Sunday, September 30, 2012

Questions for going deeper with the Scriptures for Sunday, September 30th      

Is God really there for and with us?  If so, shouldn’t life be easier?  Shouldn’t we not suffer?  Since we still suffer, struggle and live in strife, does that mean that our hope is misplaced in God? That God is unloving?  Or that God is impuissant to save, protect and heal us?  Theologians call this existential question that of THEODICY:  is God good?  Is God all powerful?  If so why is there evil?  If not, how can God be God?  Today’s passage tells the return of Moses to Egypt, his initial confrontation with Pharaoh, and what seemed to be a great failure in the eyes of the enslaves Israelites.  The Israelites only see the bricks their made to make.  God sees something else: the bricks with which God wants to build a new land, a new people, a new hope.

Friday, September 21, 2012

Blogging Towards Sunday, September 23rd     

What’s in a name?  That’s the question with which today’s scripture from Exodus wrestles.  Always a propos, the question seems even more poignant in this time of increasingly vehement and violent religious discourse, political action and violent extremism.  All the religions of the world lift up compassion, justice and peace.  And yet multiple mysterious things are done in the name of divinities: the storming of an embassy in Libya, the Japanese invasion and occupation of the Korean Peninsula, the blockade of the West Bank, the enslavement of Africans, the Crusades, the 9/11 bombing, the Spanish Inquisition and the cold blood murders of medical workers who perform abortions.  It’s easy for us to look at actions taken in the name of other gods and traditions as see how they are twisted, and yet we have to admit that in our own faith community tragically destructive things have been done in the name of the God we serve and follow.  So where does that leave us?  If we claim to do things in the name of God, are we religious extremists?  When we pray in the name of Jesus of Nazareth are we intolerant activists?  If we don’t invoke the name of God in our actions, decisions and talk are we denying our faith out of the fear of being labeled extremists or even terrorists?

Friday, September 14, 2012

Blogging Towards Sunday, September 16th     

“Even the smallest person can change the course of the future.” – J. R. R. Tolkien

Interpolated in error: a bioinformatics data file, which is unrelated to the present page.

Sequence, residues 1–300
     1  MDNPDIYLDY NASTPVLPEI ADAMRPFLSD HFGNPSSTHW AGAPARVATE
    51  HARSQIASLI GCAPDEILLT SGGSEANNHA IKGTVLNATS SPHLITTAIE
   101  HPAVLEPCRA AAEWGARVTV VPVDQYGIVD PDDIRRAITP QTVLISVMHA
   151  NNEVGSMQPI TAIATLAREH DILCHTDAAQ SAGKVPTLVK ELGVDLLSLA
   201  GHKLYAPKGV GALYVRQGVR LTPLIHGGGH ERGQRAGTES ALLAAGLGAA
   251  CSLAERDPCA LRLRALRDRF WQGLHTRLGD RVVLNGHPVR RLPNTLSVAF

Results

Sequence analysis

We’re starting a new series wrestling with the story of the Exodus.  The underlying theme of the book is about freedom.  That God frees us from slavery for covenant life together.  As you read that sentence, and as we work through the text in the coming weeks our guiding interpretive question is what does that mean?  Then?  Now? 

We also should ask ourselves How does this mean?  “Unlike the recipes in a cookbook or the instructions in an elementary arithmetic book, there are meanings and truths that simply are not sayable in a series of simples sentences.  Indeed the richer the meanings, and the more important the truths, the more difficult it is to say them simply in the spirit of one plus one equals two.  Therefore, poets, and storytellers, too, resort to a variety of strategies for using words in ways that will catch and embody meanings and truths that we may all have felt and believed to be real or at least hoped against hop might be so, but find it difficult to express.” – J. Gerald Janzen in Exodus.

Friday, September 07, 2012

Blogging Towards Sunday, September 9th     

We’ve been reading through the gospel of Mark on Sundays for several months.  Today we arrive at the end of the story.  It’s either the worst ending to a story, or a great ending that’s actually a re-beginning.  Most Biblical scholars esteem that the original ending of the gospel concludes with verse 8 (our proposed reading), advancing that the early church added what we call verses 9 – 20 in order to smooth the rough edges of the story of the women who remain mute, passive and afraid.